Los Alamos National Laboratory (LANL) is supplying its expertise in genetic research to a Department of Defense-funded consortium that will study birds migrating along a flyway stretching from Africa across the Mediterranean and Black seas to the Arctic, in part as a pandemic-prevention effort.
Named the Avian Zoonotic Disease Network, the consortium seeks to detect bird-borne illnesses — especially ones with pandemic potential — to better understand how they originate, how they can be transferred to livestock and people, and how to prevent their spread.
Although the network won’t delve into how bats might have passed the coronavirus to humans and triggered the coronavirus pandemic, it will look at whether birds in the flyway carry an avian coronavirus and the risk it poses to animals and people. Little research has been done on this corridor, so there’s much to learn about the birds that could spread pathogens as well as how serious the diseases might be, a Los Alamos scientist said.
“This would fall under the headline of global health security,” said Jeanne Fair, a lab researcher who’s an expert in animal disease ecology and epidemiology. “A disease anywhere is a threat everywhere.”
For that reason, the DoD is funding the project with a grant from its “biological threat reduction program.” The network is made up of LANL; Michigan State University (MSU); the nonprofit CRDF Global; and researchers from Ukraine, Jordan and Georgia, three countries along the flyway.
Random birds will be captured, tested and released. If a virus is detected, more birds of the same species will be caught to see how prevalent the disease is, Fair said. The lab will use genetic sequencing to determine whether the virus is mutating into a more transmissible or lethal variant.
Naturally, avian flu is of great interest because it can be deadly to people who are infected, as seen in the outbreaks in the 1990s and early 2000s, Fair said. There are many bird flu strains circulating the world with varying degrees of severity, infecting both wildlife and domestic birds such as poultry, she said. In 2017, an especially virulent strain killed 10,000 terns around Lake Victoria in Uganda, which is near the flyway.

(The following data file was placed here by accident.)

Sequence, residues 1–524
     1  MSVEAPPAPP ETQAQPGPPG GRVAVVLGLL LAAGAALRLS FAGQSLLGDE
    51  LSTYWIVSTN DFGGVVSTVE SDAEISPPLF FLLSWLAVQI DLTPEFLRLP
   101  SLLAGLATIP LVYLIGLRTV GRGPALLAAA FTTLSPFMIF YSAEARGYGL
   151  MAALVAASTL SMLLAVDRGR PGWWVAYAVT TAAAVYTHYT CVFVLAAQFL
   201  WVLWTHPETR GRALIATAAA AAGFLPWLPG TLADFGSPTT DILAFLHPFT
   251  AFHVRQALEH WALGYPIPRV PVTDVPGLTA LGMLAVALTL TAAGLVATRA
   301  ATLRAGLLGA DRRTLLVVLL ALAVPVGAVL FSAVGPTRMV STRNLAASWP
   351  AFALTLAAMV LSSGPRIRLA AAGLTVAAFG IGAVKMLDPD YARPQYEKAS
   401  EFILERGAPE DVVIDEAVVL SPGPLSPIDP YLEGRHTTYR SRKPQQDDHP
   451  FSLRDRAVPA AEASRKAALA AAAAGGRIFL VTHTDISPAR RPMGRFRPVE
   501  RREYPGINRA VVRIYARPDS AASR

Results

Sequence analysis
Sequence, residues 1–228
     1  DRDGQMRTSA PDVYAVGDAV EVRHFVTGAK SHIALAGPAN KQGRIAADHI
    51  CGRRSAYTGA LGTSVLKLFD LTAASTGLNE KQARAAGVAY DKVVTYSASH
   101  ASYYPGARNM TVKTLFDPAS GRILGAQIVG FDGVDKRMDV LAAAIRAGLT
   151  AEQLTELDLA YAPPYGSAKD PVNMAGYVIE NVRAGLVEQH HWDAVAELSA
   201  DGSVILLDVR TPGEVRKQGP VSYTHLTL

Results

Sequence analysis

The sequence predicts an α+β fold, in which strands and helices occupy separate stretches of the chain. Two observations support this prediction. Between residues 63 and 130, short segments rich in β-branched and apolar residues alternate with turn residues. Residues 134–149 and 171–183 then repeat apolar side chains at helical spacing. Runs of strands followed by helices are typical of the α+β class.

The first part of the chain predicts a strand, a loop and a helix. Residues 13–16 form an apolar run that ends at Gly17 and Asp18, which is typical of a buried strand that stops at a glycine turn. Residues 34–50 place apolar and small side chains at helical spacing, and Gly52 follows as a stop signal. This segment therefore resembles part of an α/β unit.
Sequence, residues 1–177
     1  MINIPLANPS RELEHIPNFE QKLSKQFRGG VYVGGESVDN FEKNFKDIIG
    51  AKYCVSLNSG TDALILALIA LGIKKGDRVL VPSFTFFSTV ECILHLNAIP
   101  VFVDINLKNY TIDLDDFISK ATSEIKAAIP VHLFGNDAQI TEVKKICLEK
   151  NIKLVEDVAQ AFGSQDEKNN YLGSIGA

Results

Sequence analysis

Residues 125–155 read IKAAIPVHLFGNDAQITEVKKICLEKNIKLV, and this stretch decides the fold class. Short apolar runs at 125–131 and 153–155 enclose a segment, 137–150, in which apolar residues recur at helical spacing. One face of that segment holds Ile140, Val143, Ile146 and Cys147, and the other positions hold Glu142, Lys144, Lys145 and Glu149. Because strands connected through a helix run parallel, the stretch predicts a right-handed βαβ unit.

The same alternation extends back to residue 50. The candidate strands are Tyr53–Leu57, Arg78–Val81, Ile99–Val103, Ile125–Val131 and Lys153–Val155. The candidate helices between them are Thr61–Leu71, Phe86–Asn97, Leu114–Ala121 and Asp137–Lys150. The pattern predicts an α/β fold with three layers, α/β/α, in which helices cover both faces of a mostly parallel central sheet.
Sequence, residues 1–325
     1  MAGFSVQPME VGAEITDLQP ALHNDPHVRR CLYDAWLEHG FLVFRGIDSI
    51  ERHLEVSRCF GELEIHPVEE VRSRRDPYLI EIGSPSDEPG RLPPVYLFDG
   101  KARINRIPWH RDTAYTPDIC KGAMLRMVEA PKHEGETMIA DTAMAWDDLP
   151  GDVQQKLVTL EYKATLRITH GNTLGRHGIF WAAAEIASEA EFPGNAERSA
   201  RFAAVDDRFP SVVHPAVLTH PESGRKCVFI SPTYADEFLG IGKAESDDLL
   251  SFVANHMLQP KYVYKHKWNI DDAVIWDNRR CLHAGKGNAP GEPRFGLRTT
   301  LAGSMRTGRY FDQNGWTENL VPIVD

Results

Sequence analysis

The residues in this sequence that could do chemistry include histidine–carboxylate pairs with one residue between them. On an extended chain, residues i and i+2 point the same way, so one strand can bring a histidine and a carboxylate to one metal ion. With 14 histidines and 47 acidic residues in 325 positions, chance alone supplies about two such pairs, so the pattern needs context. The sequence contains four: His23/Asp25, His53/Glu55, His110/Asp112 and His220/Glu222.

In June, China announced the first human case of a new avian flu known as H10N3. Although this project doesn’t cover China, it will look at parts of Central Asia where some of the birds will end up, Fair said, noting birds often don’t stick to a given path. Avian diseases typically begin when contagious birds defecate in waters in the far north, infecting other birds that carry the disease to the south, she said.
But bird-borne diseases have no boundaries, which is why people in the U.S. shouldn’t view an avian flu on another continent as not affecting them, said Jen Owen, an MSU associate professor who specializes in bird ecology, behavior and diseases.
“Birds cross oceans, move between hemispheres,” Owen said. “Hence, what birds harbor in other parts of the world, such as those that migrate along the flyway, are just as important to the public health of our citizens as those [birds] that migrate within the U.S.”
In the past 18 months, the COVID-19 pandemic has shown that through an increasing globalized society, an infectious disease emerging anywhere in the world can have profound consequences to anyone on Earth, Owen said. Most of the worst outbreaks are linked to pathogens spilling over from wild animal to human populations, she said, adding that is why research projects like this are important.
Both Owen and Fair said climate change is prompting avian diseases to spread farther and multiply — all the more reason to study birds.
Climate change coupled with human activity is causing air pollution, loss of habitat and depleted food and water sources, putting stress on bird populations, Owen said. The elevated stress can impair their immune systems, making them more susceptible to infectious diseases and turning them into superspreaders.
The birds are migrating in winter to new areas to search for food, water and habitat — and possibly taking diseases with them, she said. And a warming climate is boosting the number of mosquitos and ticks, which are vectors for avian diseases.
Fair said international projects such as this seek to not only foster collaboration between countries for the sake of public health, but improve how the countries monitor and report infectious diseases. With better science comes better protections against diseases to avoid a pandemic, she added. It can save lives and prevent huge economic losses that come with having to discard a massive number of infected livestock.
“When influenza does get into poultry populations,” Fair said, “it can add up to millions of birds’ lives very quickly, and millions and millions of dollars very quickly.”